Seems reasonable and I accept your judgment.

I still have issues with the Dragon Awards.

That’s fair. They’re new and still figuring this out, which is not an excuse but is an explanation. In my discussions with the folks running them, my sense is that they really do want to make the awards something that is viable and useful (and fun) for fans of the genre. They have a lot of work to do (this is, I suspect, in the nature of awards in general). Hopefully they’ll get there. As I noted, some of the steps they’re taking now indicate to me they want to get it right. Your mileage may vary. In the meantime, with this as with anything, you’re perfectly within your rights to have issues and criticism. Fire away.

So are you going to the awards ceremony now?

Nope, I’m still counter-scheduled in Washington DC that weekend.

What if I was going to vote for you but you said not to and I voted for something else?

I mean, that’s on me, isn’t it? So that’s fine. If you voted for something you enjoyed, that’s good enough. I’m okay with other people winning awards I am also up for. I’ve won my fair share over time. It’s nice to win, but it’s nice to see other people win, too. I’ll be no worse off. And then someone else has to worry about how to ship a trophy home. That stuff adds up.

If I wanted to vote, how do I do that?

Here’s the link to register. Anyone with an email address is eligible. And here is the full, updated ballot.

I gotta warn you, I might not vote for you.

Well, you know. I still have to read some of the finalists in my category. If I like them better, I might not vote for me.

The Big Idea: Kathe Koja

It is sometimes said that someone is a person of their time — which may make you wonder what might happen to that person in different times, and what those times would do that person. Kathe Koja might, anyway, and it’s one of the reasons her novel Christopher Wild exists.

KATHE KOJA:

Come over here. There’s someone I want you to meet.

He’s a London guy, but he’s been around the block, he knows a lot of people and a lot of people know him. They say he’s a scholar and a poet, they say he’s a spy, they say he likes guys; he says he likes guys, and likes smoking, and thinks religion is all about control, not love, among other free-thinking opinions. Some people—most famously a dude named Dick who ratted him out to the authorities—suggested that the “mouth of so dangerous a [man] should be stopped.” And the authorities agreed, and had him killed.

But he was, he is, a writer. And so his work kept on speaking in tandem with that brief, steep, outrageous life—as I write this, this guy, this Christopher Marlowe, this Kit, is studied in universities around the world, his plays of turbulent men with violent ideas are produced and debated and relished, and he’s stealing the show in a show called Will.  

There are more than a few Marlowe biographies and novels: you may have met him there. Anthony Burgess’ gorgeously written A Dead Man in Deptford was my own introduction to Kit, and the life pointed to the work—I’d heard of Faustus, that soul-selling literal daredevil, but the other plays (like Edward II and Tamburlaine) were ravishingly new to me. And the poems, sexy, erudite, unforgettable poems . . . I thought, who is this guy! I thought, oh god this guy. I thought, I have to write about him too.

And so my newest novel, Christopher Wild.

But befitting its subject who loved to challenge, this book was such a challenge that I was bewildered how to even begin. I don’t write about real people, I write fiction that works to make characters seem real. And no one is ever going to write a better, more beautiful bio novel than Burgess. So how could I reincarnate this man?—whose voice I was crazy in love with, and whose life has resonance not only with his own time but every era where power seeks to throttle truth, and fear sits side by side with stifling caution; which is to say, every era . . . And most of all, first and last of all, he’s a writer, a gloriously original and badass writer, how could I do him full justice on the page? All I had was doubt, and a giant pile of notes and research reading.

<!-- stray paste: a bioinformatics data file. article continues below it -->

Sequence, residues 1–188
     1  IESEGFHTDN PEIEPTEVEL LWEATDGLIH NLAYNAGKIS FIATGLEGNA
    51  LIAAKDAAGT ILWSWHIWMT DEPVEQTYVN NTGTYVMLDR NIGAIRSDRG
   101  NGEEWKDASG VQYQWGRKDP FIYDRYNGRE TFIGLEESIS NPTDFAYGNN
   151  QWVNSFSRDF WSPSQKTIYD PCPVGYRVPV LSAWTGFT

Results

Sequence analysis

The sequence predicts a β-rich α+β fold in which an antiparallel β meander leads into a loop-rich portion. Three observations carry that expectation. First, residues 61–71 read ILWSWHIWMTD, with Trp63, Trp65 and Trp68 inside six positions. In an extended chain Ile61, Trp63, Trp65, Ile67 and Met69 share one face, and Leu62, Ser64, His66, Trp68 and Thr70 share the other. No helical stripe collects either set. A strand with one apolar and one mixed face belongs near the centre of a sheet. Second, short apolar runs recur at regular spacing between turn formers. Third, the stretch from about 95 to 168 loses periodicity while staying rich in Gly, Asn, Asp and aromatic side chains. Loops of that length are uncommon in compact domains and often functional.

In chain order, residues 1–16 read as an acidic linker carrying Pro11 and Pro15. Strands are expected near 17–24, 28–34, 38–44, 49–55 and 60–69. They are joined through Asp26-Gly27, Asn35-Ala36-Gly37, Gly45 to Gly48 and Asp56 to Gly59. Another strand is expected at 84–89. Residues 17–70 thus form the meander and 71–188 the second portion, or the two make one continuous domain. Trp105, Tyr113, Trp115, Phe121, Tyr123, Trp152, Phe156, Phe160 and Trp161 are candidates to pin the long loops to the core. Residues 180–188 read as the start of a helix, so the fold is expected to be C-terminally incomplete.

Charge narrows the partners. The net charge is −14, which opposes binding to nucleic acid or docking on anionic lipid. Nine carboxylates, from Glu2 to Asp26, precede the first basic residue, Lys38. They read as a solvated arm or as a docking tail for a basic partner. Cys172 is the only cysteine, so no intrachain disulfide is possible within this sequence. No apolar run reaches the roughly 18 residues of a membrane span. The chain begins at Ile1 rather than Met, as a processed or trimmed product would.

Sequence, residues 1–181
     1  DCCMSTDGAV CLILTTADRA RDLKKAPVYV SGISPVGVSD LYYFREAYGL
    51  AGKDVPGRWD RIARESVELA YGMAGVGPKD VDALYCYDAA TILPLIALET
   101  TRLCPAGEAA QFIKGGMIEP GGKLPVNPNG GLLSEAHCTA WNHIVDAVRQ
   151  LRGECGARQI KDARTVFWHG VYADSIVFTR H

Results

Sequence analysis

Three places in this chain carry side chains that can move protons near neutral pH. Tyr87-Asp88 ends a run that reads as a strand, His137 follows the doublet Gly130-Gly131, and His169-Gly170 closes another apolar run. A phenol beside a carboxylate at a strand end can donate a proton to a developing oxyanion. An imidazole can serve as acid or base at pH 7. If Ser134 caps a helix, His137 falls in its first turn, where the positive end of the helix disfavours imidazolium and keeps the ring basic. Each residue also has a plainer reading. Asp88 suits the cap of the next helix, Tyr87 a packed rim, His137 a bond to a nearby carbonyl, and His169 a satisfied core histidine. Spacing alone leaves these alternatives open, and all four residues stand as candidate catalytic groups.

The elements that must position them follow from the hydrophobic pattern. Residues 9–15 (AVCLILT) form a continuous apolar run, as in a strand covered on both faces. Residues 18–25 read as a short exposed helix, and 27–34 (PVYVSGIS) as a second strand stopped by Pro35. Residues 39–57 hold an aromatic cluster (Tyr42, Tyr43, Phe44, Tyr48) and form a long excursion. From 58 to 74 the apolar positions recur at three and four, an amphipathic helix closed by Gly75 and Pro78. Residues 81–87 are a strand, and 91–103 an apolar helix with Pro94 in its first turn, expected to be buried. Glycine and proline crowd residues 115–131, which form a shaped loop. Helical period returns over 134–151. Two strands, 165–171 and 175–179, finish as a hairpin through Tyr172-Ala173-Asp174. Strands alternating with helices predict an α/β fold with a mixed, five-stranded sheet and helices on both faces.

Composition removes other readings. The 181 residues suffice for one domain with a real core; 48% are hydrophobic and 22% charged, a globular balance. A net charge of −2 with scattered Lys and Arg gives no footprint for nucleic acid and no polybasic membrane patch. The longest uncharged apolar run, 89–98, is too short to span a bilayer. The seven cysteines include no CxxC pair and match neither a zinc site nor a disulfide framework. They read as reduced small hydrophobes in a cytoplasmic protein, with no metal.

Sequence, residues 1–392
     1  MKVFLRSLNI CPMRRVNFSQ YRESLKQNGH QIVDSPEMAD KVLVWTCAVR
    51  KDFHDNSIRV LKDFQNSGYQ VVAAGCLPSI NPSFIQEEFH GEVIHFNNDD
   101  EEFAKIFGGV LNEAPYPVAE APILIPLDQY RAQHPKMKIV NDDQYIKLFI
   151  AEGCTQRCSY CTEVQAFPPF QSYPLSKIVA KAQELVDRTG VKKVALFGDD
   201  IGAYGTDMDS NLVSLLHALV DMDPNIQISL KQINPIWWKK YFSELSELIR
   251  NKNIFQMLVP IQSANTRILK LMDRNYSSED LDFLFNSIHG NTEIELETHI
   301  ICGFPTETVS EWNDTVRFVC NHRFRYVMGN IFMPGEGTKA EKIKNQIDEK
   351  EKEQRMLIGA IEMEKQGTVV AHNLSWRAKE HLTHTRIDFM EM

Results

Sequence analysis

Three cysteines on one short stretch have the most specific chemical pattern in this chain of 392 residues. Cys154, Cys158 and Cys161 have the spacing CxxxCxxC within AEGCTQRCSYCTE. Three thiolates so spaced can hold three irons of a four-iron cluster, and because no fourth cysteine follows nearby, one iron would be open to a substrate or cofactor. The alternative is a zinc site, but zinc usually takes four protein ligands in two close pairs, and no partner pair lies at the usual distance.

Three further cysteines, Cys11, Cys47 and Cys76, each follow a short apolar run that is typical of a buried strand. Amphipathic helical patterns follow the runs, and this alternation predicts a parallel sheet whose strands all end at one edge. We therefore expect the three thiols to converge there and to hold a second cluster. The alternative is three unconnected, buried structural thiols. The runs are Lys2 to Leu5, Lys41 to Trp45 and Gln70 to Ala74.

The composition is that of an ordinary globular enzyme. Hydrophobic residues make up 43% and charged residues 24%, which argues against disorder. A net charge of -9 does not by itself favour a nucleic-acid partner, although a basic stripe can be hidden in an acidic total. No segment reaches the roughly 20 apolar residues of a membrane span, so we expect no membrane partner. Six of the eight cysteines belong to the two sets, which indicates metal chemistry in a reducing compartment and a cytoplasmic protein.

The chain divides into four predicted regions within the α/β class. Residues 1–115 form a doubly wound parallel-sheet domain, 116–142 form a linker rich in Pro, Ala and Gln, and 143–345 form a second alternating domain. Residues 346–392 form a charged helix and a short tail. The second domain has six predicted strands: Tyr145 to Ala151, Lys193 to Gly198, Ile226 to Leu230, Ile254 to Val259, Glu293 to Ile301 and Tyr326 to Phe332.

But I wanted to hang out with Marlowe.

So I took the leap, I plunged: I planned the structure of the novel then threw that structure totally away, I found a new way, I found that the way to show his contemporaneity was to place him in places where silence shouted loudest, where danger was deepest for a man who can’t keep his mouth shut, ever: places like his own grimly glamorous Elizabethan world, then a tense and humid McCarthyesque mid-20th century, then a darkening future just slightly past our own horizon, where punishing surveillance is the 24/7 norm.

The voice that flowered in those ages, and my pages, was a confident one, a fierce and passionate one, one that I followed every bit as much as I led: I knew him better then, I learned as we went on. Is it the book I expected I’d be writing? Not at all. But that’s what it’s like when you hang with a bold new friend, he takes you places you didn’t imagine you’d go.

Which is why I opened up the process to early supporters, who received a monthly email with research notes and cool or silly factoids (Kit Harington plays Faustus! Sniff a Marlowe perfume!), along with excerpts from the novel in progress—another thing I’d never done before, or contemplated doing.

And then all the writing was done, and Marlowe was ready, again, for his close-up, he was climbing into a big-finned yellow Buick, he was heading up the crusty subway stairs, he was striding down a slick and cobbled alley where life and death murmur together, telling eternity’s everyday secrets; he was here again, with us again, because he’s never left . . . If you’ve met him already, lucky you (and why the hell didn’t you tell me sooner?). But if you haven’t, oh then please grab a seat, get a drink, let me introduce you and we can all go wild.

—-

Christopher Wild: Amazon|Barnes & Noble|Roadswell Editions

Visit the author’s blog. Follow her on Twitter.